“I think wearing the apron is better,” Luna said. “That way he knows immediately that you’re the chef. He’ll be tired from all that traveling, and he’s dealing with grief just like the rest of us. He might have trouble remembering who we are and what each of us does.”
Sybil grinned. “Personally, I think he’ll remember that T-shirt, no problem.”
“My T-shirt?” Janet glanced down at her chest and groaned. “I completely forgot I was wearing this one.” She quickly donned the apron again. “I’m not used to having a male around.”
“Hector’s a male,” Dulcie pointed out.
“I mean a male, as in broad shoulders, narrow hips, nice tush. In other words, not Hector.”
“I hadn’t even thought about whether he’d be good-looking or not,” Sybil said. “Does anybody know?”
“Geraldine showed me a picture of him when he was seventeen,” Luna said. “He was tall and skinny, with big hands and feet.” And a beautiful smile, but she decided not to mention that. They’d accuse her of being interested, which she wasn’t.
Dulcie threw back her shoulders and tugged down the hem of her rhinestone-studded shirt. “You know what they say about big hands and big feet. And he’ll probably sound like Sean Connery. I’d love me some Scottish brogue.”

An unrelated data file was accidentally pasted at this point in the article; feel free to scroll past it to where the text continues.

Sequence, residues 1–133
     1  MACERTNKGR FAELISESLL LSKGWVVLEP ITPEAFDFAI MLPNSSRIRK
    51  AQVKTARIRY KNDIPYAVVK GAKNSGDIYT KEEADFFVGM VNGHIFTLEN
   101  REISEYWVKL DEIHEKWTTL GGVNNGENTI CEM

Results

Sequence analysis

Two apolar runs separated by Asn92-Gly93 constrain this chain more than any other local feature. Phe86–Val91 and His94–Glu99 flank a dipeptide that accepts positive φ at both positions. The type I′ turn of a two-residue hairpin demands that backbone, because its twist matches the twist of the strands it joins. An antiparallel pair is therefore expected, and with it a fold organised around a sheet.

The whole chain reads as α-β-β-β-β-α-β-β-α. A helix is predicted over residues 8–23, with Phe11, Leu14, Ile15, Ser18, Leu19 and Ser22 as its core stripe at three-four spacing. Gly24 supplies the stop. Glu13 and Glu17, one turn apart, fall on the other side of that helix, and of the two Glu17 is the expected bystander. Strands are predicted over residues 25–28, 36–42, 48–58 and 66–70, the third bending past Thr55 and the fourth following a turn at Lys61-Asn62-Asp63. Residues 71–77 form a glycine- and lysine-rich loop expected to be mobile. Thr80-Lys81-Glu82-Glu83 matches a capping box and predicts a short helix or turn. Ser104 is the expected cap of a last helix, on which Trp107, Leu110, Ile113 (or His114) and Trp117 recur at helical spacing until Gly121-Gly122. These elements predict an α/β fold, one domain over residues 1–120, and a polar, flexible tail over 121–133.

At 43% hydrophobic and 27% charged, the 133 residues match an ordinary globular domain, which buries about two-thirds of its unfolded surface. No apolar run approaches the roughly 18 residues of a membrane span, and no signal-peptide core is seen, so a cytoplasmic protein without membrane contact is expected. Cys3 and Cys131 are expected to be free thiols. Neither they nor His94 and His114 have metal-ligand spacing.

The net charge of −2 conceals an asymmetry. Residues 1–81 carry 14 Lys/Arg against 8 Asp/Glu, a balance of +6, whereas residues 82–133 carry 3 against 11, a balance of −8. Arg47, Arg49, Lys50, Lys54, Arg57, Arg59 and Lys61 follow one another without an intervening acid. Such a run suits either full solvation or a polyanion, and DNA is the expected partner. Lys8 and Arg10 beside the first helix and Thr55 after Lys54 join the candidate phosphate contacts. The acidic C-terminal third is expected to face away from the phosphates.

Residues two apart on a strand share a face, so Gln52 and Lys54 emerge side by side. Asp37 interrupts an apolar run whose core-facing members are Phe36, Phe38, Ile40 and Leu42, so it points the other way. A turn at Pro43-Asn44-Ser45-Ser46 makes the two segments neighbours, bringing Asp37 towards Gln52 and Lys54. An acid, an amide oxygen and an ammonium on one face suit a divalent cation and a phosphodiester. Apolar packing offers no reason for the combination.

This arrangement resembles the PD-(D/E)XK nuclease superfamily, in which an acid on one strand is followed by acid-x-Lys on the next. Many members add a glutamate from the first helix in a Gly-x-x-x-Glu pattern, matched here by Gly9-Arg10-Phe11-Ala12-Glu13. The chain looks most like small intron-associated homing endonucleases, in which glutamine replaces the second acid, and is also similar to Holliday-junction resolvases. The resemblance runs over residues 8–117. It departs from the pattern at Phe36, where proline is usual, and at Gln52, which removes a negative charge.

“Geraldine said he was privately tutored to minimize his accent,” Luna said.
“Even better.” Dulcie smiled. “A cultured Scottish brogue.”
Janet elbowed her. “Cool it, Dulcie. He’s thirty-two, so he’s young enough to be your kid.”
“Just barely! I may be a wolf, but that doesn’t mean I can’t be a cougar, too.”
“Plus he’s probably pledged to some high-placed Were back in Scotland,” Sybil added. “Someone to fill the slot as the next lairdess.”
“Lairdess?” Janet frowned. “I don’t know beans about Scottish titles, but that can’t be right.”
Sybil started to giggle. “Yeah, that has to be wrong. Can you imagine being called Your Lairdess?”
“Especially if she has some junk in the trunk.” Dulcie got the giggles, too.
Janet began prancing around with her fanny sticking out. “Make way for Her Royal Lairdess! Her Royal Lairdess is coming through!” She was in midprance, with everyone laughing, including Luna, when the front door opened.
She swung around to face the door. So much for the dignified greeting she’d planned. Then she looked into the bluest eyes she’d ever seen, and forgot every blessed preparation she’d made for this moment.
Colin MacDowell was, hands down, the most beautiful creature in the universe.